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What Should I Donate to a Food Pantry?

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Many people donate the usual items – dry beans, canned vegetables, soup and any other cans sitting in their pantry.  Many people view food drives as a way to clean out their cupboards and help the community all at the same time. I know this has happened to you, the kids come into the kitchen right before leaving for school and say “Mom, we’re doing a food drive and today’s the last day.  I need some cans”.  We don’t think about it we grab a few cans and toss them in their backpack. I wanted to write this article to let people know that in order to provide adequate meals to the hungry we have to start thinking about exactly what a hungry person needs.

I started thinking about the times I had to visit a food pantry when my children were younger. I was grateful for what I received but it was extremely hard to feed my four children a weeks worth of meals out of a box that often contained: 2 cans of green beans, 2 cans of corn, 2 cans of cranberry sauce, 1 can of cherry pie filling (no crust mix), a box of mac and cheese mix, a box of pasta noodles, a jar of peanut butter, a bag of dry beans, a box of cereal, and the mystery can with no label. When you have nothing at home, no meat, no butter, no flour, no eggs, no milk, no bread, not even salt or pepper, it is hard to make meals out of this box. If you are homeless with no access to a kitchen or a can opener it is even harder.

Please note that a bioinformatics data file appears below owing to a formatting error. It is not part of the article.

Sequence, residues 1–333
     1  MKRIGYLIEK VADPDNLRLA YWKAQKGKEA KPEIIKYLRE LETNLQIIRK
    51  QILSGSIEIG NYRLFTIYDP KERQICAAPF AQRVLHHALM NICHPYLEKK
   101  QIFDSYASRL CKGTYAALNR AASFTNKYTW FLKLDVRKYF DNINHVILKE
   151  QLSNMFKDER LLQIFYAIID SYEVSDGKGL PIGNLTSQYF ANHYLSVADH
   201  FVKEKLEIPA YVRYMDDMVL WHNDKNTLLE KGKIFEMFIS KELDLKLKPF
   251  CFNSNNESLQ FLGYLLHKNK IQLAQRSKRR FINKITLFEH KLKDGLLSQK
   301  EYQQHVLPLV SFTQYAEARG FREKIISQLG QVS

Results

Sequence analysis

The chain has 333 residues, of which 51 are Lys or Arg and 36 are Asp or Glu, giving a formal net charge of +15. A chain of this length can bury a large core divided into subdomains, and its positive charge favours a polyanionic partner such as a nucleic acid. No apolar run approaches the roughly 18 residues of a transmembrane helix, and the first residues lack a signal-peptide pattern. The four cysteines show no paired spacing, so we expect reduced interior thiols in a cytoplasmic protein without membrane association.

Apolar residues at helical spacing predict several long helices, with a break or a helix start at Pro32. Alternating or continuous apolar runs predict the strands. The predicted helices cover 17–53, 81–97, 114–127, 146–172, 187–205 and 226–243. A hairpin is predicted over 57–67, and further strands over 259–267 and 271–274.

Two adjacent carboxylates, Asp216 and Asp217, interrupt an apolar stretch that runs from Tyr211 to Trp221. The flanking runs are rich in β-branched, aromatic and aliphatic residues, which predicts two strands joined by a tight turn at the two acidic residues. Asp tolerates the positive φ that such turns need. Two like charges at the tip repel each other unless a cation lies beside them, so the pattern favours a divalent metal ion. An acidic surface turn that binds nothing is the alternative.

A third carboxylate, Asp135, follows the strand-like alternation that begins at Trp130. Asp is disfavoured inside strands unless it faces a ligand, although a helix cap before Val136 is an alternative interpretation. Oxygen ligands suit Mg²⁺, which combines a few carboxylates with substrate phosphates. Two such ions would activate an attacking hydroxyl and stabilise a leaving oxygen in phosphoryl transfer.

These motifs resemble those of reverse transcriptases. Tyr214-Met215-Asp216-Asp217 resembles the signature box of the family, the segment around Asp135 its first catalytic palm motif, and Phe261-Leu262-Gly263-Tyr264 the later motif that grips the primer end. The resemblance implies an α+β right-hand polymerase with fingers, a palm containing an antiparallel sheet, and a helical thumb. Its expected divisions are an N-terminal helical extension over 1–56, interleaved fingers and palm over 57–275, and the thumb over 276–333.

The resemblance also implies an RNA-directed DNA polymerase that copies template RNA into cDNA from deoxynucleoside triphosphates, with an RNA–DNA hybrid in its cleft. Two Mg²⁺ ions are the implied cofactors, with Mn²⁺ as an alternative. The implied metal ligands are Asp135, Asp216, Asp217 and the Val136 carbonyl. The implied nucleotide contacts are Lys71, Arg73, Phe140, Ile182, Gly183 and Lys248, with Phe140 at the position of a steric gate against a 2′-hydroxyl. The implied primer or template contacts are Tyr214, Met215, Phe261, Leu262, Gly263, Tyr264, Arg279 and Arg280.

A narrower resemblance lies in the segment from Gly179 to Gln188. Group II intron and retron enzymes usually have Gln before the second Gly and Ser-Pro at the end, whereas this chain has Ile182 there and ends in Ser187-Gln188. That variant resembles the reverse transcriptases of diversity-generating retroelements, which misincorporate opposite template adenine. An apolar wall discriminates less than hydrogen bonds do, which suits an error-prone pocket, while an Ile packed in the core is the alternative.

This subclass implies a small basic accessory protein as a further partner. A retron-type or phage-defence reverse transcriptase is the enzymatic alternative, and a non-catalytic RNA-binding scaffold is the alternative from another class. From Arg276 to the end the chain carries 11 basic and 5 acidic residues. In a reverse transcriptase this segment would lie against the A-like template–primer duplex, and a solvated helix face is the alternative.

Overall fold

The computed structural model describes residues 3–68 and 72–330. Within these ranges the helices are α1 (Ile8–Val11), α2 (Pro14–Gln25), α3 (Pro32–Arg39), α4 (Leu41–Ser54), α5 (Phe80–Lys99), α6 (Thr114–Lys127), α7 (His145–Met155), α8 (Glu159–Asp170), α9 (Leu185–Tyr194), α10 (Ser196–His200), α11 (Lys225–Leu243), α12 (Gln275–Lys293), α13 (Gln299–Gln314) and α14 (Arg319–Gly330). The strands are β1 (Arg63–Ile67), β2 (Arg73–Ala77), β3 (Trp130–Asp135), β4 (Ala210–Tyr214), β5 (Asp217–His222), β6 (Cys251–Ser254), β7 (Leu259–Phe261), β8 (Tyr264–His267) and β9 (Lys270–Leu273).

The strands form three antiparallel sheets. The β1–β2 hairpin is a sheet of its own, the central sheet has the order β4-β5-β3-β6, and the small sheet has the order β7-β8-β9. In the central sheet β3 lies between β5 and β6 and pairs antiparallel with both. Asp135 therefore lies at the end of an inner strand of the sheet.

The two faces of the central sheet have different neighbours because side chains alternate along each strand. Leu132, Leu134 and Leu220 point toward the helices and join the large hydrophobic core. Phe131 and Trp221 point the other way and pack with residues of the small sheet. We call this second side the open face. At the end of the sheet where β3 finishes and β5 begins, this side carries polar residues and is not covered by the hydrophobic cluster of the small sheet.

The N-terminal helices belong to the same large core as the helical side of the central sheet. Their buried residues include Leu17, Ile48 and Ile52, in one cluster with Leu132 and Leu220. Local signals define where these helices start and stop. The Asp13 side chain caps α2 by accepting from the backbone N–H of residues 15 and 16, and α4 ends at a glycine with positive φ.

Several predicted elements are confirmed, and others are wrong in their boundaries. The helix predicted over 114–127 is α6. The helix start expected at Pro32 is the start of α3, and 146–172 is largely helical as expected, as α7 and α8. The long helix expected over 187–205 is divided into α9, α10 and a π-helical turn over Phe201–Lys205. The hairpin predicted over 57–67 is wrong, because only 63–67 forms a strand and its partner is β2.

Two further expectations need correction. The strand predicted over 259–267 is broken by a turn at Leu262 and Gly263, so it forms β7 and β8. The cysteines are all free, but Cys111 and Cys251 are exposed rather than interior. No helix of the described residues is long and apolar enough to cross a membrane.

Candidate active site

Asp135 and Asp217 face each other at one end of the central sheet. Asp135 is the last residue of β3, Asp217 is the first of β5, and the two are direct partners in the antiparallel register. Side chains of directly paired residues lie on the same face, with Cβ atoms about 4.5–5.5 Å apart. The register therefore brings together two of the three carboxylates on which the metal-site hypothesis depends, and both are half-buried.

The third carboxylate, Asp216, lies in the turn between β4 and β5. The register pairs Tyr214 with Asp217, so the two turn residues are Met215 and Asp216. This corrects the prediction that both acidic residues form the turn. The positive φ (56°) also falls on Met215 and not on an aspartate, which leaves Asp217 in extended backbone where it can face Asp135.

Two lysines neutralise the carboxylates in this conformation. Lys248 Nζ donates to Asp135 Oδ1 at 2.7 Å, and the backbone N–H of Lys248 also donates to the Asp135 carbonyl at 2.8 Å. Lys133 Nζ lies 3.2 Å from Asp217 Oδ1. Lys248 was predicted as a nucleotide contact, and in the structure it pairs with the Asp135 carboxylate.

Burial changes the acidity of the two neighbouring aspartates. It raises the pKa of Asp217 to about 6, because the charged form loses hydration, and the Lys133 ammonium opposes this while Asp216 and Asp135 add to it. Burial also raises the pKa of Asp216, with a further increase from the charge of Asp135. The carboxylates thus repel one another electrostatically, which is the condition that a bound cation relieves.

Unless you have actually had to visit a food pantry, you just don’t think about these things or what items people may actually need. Here is a list of items food pantries often need in addition to the usual canned and boxed food.


  • Baby items – diapers, wipes, powder, lotion, diaper rash creme, formula, ready made bottles and nipples, baby juice, baby food,
  • Can openers
  • Canned meat – chicken, ham, spam
  • Cleaning productslaundry detergent, dryer sheets, dish liquid, trash bags, multi-purpose cleaner
  • Complete meals in a can – ravioli, beef stew, chunky soup
  • Condiments – spices, ketchup, mustard, ranch dressing, garlic powder, Italian seasonings, grated Parmesan cheese
  • Culturally Diverse foodadobo, curry, tortillas, chiles, teriyaki sauce, miso, couscous
  • Drink mix powders that already have sugar added or are individuals
  • Emergency preparedness foods that only require water to make.
  • Food that needs no preparation – jerky, dried meat, nuts, trail mix, protein bars, nutrition bars
  • Health specific food – diabetic, gluten free, vegan
  • Items that go together – Pie crust mix and pie filling, cake mix and icing, spaghetti sauce and noodles
  • Juice
  • Mixes that only require water – muffin, pancake, brownie, instant oatmeal, instant grits, coco wheats, hot chocolate, instant coffee, herbal teas
  • Paper productstoilet paper, paper towels, paper plates, plastic silverware, plastic sandwich bags (for packing lunches)